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  5. "There are thirty eight carro…

"There are thirty eight carrots in that bag."

Translation:Tá ocht gcairéad is tríocha sa mhála sin.

March 6, 2015



Why is the "is" in this sentence? thanks


It's an abbreviated form of agus. Literally, "There are eight carrots and thirty in that bag"


Oh, that makes sense. Thanks.


focloir.ie translates thirty eight as "tríocha a hocht". Is that usage not applicable to thirty-eight in this context?


I'd like to know the answer to this also

[deactivated user]

    tríocha a hocht is a "disjunctive number" or maoluimhir that occurs between tríocha a seacht and tríocha a naoi. "disjunctive numbers" don't have a noun after them.

    "thirty eight carrots" does have a noun after it, so you use the "conjunctive number" (bunuimhir) form - ocht cairéad is tríocha.



    Then why can't it also be "agus"?


    If it doesn’t also accept agus, use the Report a Problem button to bring it to the course creators’ attention.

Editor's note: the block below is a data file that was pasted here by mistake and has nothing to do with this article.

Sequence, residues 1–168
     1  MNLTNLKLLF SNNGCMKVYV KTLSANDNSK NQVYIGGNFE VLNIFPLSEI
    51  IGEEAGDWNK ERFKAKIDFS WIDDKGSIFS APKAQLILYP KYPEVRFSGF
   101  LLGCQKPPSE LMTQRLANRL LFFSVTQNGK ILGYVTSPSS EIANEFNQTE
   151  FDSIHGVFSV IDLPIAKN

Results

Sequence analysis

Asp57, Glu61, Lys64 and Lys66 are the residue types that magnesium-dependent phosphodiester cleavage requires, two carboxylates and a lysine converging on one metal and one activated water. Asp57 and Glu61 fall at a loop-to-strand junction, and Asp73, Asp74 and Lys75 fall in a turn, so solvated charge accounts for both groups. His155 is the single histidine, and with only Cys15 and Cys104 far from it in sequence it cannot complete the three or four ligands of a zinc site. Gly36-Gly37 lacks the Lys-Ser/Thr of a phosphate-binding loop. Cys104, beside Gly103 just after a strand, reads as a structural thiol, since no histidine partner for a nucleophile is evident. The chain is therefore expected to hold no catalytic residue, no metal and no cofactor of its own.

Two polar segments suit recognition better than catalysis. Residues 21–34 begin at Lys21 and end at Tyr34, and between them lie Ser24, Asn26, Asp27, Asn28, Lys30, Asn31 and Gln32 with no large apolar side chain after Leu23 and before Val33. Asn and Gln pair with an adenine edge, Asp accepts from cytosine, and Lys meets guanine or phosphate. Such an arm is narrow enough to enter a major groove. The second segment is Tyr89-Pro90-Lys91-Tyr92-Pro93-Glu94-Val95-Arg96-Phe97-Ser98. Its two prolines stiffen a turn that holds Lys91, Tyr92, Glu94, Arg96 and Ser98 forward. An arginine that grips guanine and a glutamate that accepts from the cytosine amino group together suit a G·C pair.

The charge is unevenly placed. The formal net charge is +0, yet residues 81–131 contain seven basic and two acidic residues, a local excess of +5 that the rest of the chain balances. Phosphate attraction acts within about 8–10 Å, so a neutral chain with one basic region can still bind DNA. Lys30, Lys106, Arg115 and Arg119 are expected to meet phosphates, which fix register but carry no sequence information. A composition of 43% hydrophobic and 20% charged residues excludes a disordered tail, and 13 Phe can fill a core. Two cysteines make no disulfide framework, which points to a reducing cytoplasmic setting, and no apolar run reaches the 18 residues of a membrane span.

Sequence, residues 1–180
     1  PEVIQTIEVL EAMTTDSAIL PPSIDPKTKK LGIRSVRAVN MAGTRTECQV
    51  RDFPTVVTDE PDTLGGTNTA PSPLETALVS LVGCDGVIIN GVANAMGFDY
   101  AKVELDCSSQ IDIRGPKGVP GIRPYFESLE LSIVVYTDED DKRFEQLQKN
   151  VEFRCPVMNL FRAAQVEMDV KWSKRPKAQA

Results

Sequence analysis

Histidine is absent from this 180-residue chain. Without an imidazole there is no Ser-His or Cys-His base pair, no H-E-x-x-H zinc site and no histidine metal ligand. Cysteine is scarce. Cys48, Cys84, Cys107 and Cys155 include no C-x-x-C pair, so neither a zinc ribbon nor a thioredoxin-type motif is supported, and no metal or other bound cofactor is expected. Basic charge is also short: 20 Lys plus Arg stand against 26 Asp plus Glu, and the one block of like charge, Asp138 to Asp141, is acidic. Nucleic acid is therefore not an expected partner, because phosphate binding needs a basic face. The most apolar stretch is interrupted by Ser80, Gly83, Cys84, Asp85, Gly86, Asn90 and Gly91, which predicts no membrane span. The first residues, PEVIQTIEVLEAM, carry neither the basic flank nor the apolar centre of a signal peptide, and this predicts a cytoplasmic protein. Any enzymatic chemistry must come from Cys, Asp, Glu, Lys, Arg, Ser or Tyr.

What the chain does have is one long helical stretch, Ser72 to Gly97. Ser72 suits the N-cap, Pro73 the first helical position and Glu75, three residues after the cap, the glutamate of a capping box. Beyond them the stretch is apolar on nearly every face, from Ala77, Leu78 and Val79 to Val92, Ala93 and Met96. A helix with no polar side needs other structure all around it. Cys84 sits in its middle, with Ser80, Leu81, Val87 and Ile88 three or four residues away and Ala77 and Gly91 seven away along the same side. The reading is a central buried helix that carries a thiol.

Why is mála lenited after sa?

    [deactivated user]

      For the same reason that any other word is lenited after sa - sa lenites words that start with b, c, g, m or p.


      Most are taught 38 = tríocha ocht in school. Course should be updated


      Most schools teach 38=tríocha a hocht.

      But, unlike English, Irish differentiates between "disjunctive numbers" or maoluimhreacha, when you are just counting numbers, and "conjunctive numbers" or bunuimhreacha when you are specifying a number or amount of something. Unfortunately, not everyone learns that in school, and nowadays many people use the maoluimhreacha forms when they are specifying a number or amount of something.


      That's really interesting, I didnt learn the difference in school, thanks for explaining it

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